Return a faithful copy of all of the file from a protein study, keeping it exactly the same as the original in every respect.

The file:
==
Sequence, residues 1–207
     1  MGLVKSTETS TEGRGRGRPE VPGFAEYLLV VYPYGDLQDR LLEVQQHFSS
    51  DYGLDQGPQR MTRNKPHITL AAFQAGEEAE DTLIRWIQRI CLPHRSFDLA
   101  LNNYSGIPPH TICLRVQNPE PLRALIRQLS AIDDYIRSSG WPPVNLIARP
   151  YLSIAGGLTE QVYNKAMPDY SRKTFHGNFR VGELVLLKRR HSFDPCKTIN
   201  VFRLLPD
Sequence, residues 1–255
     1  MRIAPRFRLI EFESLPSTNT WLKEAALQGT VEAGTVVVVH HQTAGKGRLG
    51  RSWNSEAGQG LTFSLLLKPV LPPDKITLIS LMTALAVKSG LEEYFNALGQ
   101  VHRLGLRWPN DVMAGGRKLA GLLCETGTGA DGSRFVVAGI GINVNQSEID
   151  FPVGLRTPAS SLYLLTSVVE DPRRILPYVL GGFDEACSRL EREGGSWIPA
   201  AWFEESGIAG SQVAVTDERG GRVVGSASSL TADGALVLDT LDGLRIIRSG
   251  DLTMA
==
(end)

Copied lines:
Sequence, residues 1–207
     1  MGLVKSTETS TEGRGRGRPE VPGFAEYLLV VYPYGDLQDR LLEVQQHFSS
    51  DYGLDQGPQR MTRNKPHITL AAFQAGEEAE DTLIRWIQRI CLPHRSFDLA
   101  LNNYSGIPPH TICLRVQNPE PLRALIRQLS AIDDYIRSSG WPPVNLIARP
   151  YLSIAGGLTE QVYNKAMPDY SRKTFHGNFR VGELVLLKRR HSFDPCKTIN
   201  VFRLLPD
Sequence, residues 1–255
     1  MRIAPRFRLI EFESLPSTNT WLKEAALQGT VEAGTVVVVH HQTAGKGRLG
    51  RSWNSEAGQG LTFSLLLKPV LPPDKITLIS LMTALAVKSG LEEYFNALGQ
   101  VHRLGLRWPN DVMAGGRKLA GLLCETGTGA DGSRFVVAGI GINVNQSEID
   151  FPVGLRTPAS SLYLLTSVVE DPRRILPYVL GGFDEACSRL EREGGSWIPA
   201  AWFEESGIAG SQVAVTDERG GRVVGSASSL TADGALVLDT LDGLRIIRSG
   251  DLTMA